• The CDC says that an employer can offer ‘symptom screening’ for those that don’t have symptoms.
  • Romans says we are not to participate in anything that is not based on faith. the deception of someone saying they are sick, when they are not, is not based on faith.
  • Your employer can ‘let you go’ without a reason (at will employment) EXCEPT if the reason is discrimination.
  • If they put you on unpaid leave, notify your employer that they are violating Title 7. Your employer would be engaging in “religious harassment” which is a term the EEOC uses. Notify your employer that they are in violation of federal law title 7 of the US Civil Rights Act, or if you are in college, it would be Title 4. You now have a lawsuit to file with an attorney.

Religious discrimination is against the law

“Religious discrimination involves treating a person (an applicant or employee) unfavorably because of his or her religious beliefs. The law protects not only people who belong to traditional, organized religions, such as Buddhism, Christianity, Hinduism, Islam, and Judaism, but also others who have sincerely held religious, ethical or moral beliefs.

Religious discrimination can also involve treating someone differently because that person is married to (or associated with) an individual of a particular religion.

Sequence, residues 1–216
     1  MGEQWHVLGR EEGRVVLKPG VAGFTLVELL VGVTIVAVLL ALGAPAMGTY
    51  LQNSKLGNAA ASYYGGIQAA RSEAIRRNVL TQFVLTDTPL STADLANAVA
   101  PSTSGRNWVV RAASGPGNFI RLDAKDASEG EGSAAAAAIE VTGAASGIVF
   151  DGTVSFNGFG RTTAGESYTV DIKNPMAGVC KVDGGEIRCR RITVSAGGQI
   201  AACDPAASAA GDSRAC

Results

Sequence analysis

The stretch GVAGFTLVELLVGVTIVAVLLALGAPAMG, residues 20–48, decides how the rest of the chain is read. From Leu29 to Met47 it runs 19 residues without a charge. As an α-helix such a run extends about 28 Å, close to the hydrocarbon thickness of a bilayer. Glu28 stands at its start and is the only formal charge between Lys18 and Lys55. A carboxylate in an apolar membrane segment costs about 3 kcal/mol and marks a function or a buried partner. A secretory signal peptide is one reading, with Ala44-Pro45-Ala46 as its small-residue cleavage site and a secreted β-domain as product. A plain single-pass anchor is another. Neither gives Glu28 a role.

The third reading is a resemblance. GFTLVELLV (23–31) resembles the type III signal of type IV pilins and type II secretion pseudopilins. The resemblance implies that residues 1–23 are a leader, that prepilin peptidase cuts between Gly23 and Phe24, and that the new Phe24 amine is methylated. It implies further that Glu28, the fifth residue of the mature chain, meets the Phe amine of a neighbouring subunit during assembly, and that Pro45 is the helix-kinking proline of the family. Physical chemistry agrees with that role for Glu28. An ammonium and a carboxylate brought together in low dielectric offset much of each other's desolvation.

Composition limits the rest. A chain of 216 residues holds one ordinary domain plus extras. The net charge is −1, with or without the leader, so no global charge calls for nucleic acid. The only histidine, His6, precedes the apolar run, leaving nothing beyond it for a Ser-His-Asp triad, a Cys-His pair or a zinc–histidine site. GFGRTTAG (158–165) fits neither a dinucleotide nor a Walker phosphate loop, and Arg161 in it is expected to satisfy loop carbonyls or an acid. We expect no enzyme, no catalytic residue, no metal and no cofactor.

The law forbids discrimination when it comes to any aspect of employment, including hiring, firing, pay, job assignments, promotions, layoff, training, fringe benefits, and any other term or condition of employment.”

Religious discrimination & harassment

“It is illegal to harass a person because of his or her religion.

Harassment can include, for example, offensive remarks about a person’s religious beliefs or practices. Although the law doesn’t prohibit simple teasing, offhand comments, or isolated incidents that aren’t very serious, harassment is illegal when it is so frequent or severe that it creates a hostile or offensive work environment or when it results in an adverse employment decision (such as the victim being fired or demoted).

The harasser can be the victim’s supervisor, a supervisor in another area, a co-worker, or someone who is not an employee of the employer, such as a client or customer.”

Religious discrimination and segregation

“Title VII also prohibits workplace or job segregation based on religion (including religious garb and grooming practices), such as assigning an employee to a non-customer contact position because of actual or feared customer preference.”

Religious Discrimination & Reasonable Accommodation